Fruit juice is better than sugar water, but it is not a health food. Ideally you should eat whole fruits. There is no consensus on agave syrup, brown rice syrup, barley malt syrup, real maple syrup, or honey, but they’re all certainly better than white sugar. High fructose corn syrup is probably worse. “Unrefined” sugar, including turbinado and demerara, is missing only the last step of refinement….
Look at Ingredients Lists. And look critically. The companies that make these products are out to deceive you, or they are in competition with other companies that are out to deceive you. If the honest product says “white flour” and “white sugar”, while the deceptive product says “wheat flour” and “evaporated cane juice”, which one will sell for more money? Some other tricks: “Yeast extract” is basically the same as MSG. “Wheat bread” is usually white bread with a bit of whole wheat flour and some brown food coloring. Almost any ingredient that ends in “-ose” should be read as sugar. “Natural” means almost nothing. Being sold in a food co-op guarantees nothing. Many products, like chips and granola, are made with only their most visible ingredient organic. Any farmed ingredient that doesn’t say organic isn’t. I once saw a non-organic product with the brand name Oganic….
Make Food a Higher Financial Priority. In the 1930’s, Americans spent more than 20% of their income on food. Now it’s down under 10% (graph). Of course, to spend more on food, you have to spend less on other stuff: haircuts, new clothing, the latest technology, having a nice view. I wear socks that I collected from an abandoned shed that I once tried to squat, and I’m drafting this on a computer that I bought used for $200 in 2006, but I just ate eggs that cost $4.70 a dozen, because I don’t think there’s anything better to spend money on than the quality of stuff that goes into my body.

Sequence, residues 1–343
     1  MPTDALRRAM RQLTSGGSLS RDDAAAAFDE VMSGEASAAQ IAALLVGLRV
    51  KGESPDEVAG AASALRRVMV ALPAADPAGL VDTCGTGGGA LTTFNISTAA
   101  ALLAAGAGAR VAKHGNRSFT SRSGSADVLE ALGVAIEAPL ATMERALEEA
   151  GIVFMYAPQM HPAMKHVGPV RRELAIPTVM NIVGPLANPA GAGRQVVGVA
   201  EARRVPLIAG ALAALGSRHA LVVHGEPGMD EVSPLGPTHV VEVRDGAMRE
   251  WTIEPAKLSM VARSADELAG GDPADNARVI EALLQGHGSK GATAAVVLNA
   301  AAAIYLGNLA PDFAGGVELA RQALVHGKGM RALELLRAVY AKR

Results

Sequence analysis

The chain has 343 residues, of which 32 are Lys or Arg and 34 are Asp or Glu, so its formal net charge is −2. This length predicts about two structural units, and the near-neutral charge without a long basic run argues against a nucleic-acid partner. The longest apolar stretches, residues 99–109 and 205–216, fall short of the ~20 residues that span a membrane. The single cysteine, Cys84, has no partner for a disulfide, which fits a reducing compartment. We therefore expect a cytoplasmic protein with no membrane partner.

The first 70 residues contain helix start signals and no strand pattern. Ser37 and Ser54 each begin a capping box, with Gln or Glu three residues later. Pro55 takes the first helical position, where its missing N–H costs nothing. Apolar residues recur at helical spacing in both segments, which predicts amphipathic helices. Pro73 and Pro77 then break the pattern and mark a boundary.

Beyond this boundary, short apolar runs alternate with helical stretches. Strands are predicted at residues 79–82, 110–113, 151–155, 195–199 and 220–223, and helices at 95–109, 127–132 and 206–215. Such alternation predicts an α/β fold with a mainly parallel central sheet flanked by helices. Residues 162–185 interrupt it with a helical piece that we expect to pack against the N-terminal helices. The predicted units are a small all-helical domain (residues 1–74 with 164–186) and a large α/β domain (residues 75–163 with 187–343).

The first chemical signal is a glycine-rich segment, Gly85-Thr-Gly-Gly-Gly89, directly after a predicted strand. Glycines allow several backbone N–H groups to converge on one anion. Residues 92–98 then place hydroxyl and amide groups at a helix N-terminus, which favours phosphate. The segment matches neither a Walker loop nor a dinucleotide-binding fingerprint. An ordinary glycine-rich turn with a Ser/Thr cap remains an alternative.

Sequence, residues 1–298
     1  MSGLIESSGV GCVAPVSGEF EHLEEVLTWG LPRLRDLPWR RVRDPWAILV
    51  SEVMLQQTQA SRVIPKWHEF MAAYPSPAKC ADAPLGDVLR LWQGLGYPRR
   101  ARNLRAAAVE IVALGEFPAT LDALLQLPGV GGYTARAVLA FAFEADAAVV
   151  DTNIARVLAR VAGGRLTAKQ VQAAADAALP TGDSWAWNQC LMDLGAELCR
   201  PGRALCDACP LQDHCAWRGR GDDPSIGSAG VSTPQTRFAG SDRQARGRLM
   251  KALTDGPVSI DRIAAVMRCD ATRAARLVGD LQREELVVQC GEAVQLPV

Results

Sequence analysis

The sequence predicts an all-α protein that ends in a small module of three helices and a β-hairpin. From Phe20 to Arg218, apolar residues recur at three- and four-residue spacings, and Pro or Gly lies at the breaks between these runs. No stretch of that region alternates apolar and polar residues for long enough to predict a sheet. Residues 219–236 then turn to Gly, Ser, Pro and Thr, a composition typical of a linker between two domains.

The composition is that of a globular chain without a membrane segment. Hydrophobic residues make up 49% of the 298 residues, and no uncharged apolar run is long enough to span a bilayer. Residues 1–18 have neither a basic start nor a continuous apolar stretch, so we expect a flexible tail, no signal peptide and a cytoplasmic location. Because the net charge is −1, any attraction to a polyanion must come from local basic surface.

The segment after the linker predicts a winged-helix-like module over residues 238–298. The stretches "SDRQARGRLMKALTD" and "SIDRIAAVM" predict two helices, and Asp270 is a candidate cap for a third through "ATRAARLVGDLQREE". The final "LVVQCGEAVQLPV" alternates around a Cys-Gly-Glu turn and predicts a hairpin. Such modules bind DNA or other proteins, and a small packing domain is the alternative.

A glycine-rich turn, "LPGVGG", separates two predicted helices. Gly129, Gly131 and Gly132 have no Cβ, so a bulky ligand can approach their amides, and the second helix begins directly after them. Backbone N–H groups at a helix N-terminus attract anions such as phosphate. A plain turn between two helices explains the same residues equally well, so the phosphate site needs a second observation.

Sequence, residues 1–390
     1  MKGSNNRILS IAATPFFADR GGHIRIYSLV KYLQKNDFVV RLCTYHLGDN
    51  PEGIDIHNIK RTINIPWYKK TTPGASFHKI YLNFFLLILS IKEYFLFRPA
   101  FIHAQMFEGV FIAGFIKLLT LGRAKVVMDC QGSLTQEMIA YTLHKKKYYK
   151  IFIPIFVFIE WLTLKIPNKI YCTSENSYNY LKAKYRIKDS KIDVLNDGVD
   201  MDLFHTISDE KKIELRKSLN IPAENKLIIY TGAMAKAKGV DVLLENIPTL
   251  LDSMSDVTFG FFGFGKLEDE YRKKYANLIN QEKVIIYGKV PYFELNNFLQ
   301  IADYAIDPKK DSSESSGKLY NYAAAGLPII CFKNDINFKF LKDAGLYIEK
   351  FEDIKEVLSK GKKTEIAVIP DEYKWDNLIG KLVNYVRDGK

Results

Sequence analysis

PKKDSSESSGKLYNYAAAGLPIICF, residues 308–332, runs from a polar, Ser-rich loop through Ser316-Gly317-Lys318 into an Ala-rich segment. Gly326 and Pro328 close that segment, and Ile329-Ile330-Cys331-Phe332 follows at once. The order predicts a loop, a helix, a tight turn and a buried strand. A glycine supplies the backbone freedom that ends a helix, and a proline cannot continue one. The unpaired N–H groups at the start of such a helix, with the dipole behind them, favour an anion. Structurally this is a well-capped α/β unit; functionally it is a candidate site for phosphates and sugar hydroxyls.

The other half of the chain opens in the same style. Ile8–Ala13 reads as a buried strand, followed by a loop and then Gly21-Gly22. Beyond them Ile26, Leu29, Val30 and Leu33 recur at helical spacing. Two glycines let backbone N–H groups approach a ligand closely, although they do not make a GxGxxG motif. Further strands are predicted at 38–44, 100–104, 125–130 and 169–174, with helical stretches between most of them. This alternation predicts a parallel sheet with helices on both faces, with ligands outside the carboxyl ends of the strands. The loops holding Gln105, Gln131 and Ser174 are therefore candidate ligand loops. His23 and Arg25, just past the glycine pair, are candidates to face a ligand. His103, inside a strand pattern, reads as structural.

Expand Your Concept of Food. Humans are dietary generalists. Our ancestors ate tens of thousands of species of plants and animals and fungi and insects, most of which modern people no longer recognize as edible, even though they’re better for us than processed corn and soy, and often free. Some of the most common garden “weeds”, including lamb’s quarters, dandelion, and purslane, are more nutritious than greens grown intentionally. Small animals like squirrels and raccoons are not hard to hunt and typically unregulated. All birds are edible, although most are not worth the trouble. Insect larvae are a great source of fat and protein, and taste surprisingly good….
(Needless to say, as a vegetarian, E’s a little less open to the idea of eating insects than I am– as in, no thank you never never never.)
The point about making food a higher financial priority is especially valuable, and will become more of an issue as the economy gets worse and worse. The fact is, buying processed food because it’s cheaper at the moment will likely cost you more in medical bills down the road. Buying organic costs a little more, but is absolutely worth it. J’s rule number one for eating well: never skimp on food. It’s a matter of budgeting, but it can be done.
I might make an additional point, which is that vegetables grown out-of-season carry a higher cost than those in-season. If you’re lucky enough to have access to a farmer’s market (we have quite a few in Seattle) and you buy stuff that’s in-season at the grocery store, you’ll find it *far* more cost-effective than buying conventional, out-of-season veggies. Asparagus is a spring/fall veggie. Buying asparagus in December might give you a needed ingredient in a recipe, but it’ll be very costly and likely about 3/4 unusable/woody.
Another point I might include is that when cooking anything, consider each ingredient a bison: try to think of all of the possible uses for your ingredients. For instance, buy beets with the greens still attached and you can use the beets *and* the greens. Toss the scraps from veggies with ‘discardable’ parts, like onions with skins, carrot tops and greens, potato peels, eggshells, etc, into a freezer bag and when you’ve collected enough, use them to start a simple veggie stock. Drain the scraps, add some spinach, beans and noodles, and you have soup! The same goes for meat trimmings, bones, after-dinner scraps, etc.